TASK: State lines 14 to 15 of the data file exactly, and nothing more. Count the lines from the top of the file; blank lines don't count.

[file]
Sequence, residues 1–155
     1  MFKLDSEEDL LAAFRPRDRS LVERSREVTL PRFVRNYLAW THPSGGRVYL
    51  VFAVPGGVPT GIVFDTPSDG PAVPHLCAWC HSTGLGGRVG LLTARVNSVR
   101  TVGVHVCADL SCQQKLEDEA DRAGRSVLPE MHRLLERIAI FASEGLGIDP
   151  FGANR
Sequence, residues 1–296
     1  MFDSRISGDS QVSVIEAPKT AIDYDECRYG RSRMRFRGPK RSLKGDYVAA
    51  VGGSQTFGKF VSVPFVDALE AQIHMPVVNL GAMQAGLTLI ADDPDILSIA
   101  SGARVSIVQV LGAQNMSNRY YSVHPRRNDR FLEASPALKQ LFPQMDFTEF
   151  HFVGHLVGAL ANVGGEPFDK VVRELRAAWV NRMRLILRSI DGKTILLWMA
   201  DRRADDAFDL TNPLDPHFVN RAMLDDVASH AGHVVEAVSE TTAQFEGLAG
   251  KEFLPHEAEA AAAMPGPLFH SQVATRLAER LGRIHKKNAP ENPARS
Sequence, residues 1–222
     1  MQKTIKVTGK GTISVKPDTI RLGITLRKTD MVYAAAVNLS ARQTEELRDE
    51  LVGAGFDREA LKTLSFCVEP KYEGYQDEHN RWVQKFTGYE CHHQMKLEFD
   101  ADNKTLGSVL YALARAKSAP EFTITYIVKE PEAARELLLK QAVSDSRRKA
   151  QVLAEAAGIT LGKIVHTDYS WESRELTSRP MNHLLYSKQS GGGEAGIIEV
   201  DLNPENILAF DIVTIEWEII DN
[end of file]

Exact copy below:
     1  MQKTIKVTGK GTISVKPDTI RLGITLRKTD MVYAAAVNLS ARQTEELRDE
    51  LVGAGFDREA LKTLSFCVEP KYEGYQDEHN RWVQKFTGYE CHHQMKLEFD